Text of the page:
Find the interview (behind paywall) here.

Get background on German carmakers’ struggle to make inroads with e-mobility going in the Clean Energy Wire dossier.


Asked about the future of Germany’s car industry, politicians “only get frank in confidential off-the-record conversations,” Miriam Meckel writes in an opinion piece for WirtschaftsWoche. “That’s when you see very concerned faces.” Politicians often pretend excessive diesel exhaust emissions and the sluggish development of electric cars “are problems that can be solved in the short term,” but in fact, “Germany has no idea what it wants to stand for in the future.” The auto industry the country’s most important industrial sector, yet apparently fails to grasp the changes it faces. Instead of a “narcissistic” reliance on the strength of the “Made in Germany” brand, government and carmakers must “address this change with speed and determination” and “stop lobbying in Brussels and Washington to preserve the status quo.” 

Read the article in German here.

Find background on the challenges for Germany’s automotive industry in this CLEW dossier.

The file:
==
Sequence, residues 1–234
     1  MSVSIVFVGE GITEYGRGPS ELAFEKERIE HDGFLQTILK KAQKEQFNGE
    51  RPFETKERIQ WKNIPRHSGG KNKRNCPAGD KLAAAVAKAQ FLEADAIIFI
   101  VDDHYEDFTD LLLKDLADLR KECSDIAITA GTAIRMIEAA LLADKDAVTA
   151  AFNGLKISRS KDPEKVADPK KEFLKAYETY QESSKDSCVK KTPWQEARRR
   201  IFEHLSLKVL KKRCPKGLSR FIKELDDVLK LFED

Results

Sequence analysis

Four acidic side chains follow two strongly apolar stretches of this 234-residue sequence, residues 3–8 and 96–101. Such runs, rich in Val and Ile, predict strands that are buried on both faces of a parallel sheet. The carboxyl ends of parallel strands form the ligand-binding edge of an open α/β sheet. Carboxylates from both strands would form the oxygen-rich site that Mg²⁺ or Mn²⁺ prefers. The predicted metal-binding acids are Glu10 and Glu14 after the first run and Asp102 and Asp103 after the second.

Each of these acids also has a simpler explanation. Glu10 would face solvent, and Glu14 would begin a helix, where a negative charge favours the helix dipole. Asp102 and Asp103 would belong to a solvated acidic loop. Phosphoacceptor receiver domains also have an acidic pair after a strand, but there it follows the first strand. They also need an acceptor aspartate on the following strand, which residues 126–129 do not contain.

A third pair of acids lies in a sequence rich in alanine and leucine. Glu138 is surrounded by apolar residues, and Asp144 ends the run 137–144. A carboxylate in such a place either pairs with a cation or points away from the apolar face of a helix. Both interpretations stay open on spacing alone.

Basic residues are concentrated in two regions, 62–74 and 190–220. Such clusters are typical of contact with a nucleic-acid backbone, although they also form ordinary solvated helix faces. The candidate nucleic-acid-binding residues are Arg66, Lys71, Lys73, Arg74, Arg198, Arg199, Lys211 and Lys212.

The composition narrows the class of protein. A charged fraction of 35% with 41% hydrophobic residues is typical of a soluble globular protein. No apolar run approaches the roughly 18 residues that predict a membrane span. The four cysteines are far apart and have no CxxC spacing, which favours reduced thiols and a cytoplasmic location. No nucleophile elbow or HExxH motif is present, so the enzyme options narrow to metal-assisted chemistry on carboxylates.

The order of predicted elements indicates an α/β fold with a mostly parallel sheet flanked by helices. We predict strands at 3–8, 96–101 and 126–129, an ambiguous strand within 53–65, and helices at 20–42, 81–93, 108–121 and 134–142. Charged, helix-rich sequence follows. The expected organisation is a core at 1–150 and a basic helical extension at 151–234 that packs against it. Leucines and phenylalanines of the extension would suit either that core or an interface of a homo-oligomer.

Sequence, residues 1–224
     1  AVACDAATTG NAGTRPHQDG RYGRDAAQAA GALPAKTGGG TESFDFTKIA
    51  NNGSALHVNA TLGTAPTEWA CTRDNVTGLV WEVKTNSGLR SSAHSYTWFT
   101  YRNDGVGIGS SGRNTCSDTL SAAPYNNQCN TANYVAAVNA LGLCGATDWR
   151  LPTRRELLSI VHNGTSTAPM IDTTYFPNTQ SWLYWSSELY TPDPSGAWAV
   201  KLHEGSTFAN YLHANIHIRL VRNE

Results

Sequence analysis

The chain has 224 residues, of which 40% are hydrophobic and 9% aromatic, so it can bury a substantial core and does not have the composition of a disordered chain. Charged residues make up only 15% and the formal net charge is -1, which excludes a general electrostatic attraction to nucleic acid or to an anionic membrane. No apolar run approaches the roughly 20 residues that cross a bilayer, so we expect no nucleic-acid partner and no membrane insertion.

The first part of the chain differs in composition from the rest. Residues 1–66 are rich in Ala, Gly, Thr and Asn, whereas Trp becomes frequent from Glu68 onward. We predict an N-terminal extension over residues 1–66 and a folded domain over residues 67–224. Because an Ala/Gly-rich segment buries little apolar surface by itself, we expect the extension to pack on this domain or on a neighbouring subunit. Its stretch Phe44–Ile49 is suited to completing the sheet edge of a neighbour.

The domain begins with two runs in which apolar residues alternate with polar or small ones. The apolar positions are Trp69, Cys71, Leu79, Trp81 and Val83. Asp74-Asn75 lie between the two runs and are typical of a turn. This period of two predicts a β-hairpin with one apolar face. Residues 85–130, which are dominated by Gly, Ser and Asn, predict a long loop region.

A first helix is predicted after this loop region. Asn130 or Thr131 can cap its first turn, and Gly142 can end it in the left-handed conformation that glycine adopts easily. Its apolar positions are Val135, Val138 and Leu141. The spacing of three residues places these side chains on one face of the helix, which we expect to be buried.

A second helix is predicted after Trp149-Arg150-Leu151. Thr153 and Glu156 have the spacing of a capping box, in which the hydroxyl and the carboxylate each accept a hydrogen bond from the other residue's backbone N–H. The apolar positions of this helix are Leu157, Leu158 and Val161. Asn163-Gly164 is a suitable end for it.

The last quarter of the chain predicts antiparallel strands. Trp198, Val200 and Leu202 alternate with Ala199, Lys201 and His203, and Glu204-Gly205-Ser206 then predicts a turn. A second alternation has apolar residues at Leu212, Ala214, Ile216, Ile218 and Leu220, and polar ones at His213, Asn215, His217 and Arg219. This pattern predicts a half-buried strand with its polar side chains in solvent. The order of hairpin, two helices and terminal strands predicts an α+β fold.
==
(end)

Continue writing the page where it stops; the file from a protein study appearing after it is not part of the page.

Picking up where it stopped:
The tough times Germany’s utilities have gone through as a result of the energy transition are coming to an end, with investor confidence in takeovers and rising power prices pushing stocks up, Susanne Schier writes for Handelsblatt. “The Fukushima nuclear disaster and Germany’s Energiewende hit the utilities’ business model hard,” she writes, but things are looking up for heavyweights RWE and E.ON, as well as their spin-offs Uniper and innogy. In terms of profits, E.ON and RWE still “are the most indebted” companies on Germany’s stock market index DAX, but selling more shares in their subsidiaries could ease their predicament, she says.

Read the article in German here (behind paywall).

Find more information on German utilities and the energy transition in this CLEW dossier.

Süddeutsche Zeitung

German carmakers BMW, Daimler, Audi and Porsche – usually “best enemies” – joined forces a year ago to develop e-car charging infrastructure, Max Hälger and Stefan Mayr write for Süddeutsche Zeitung. The brands teamed up to “to share the burden of initial losses” and install thousands of charging stations across Europe by 2020. Together with partners from other industries, such as utilities innogy and EnBW, the carmakers want to beat Tesla on the speed and comfort of e-charging technology, and are ready to invest more than the US brand “to boost people’s willingness to buy an e-car,” the article says. Porsche in particular is pushing to install 350-kilowatt (KW) “Turboloaders” – which will be three times faster than Tesla’s, and are yet to hit the market.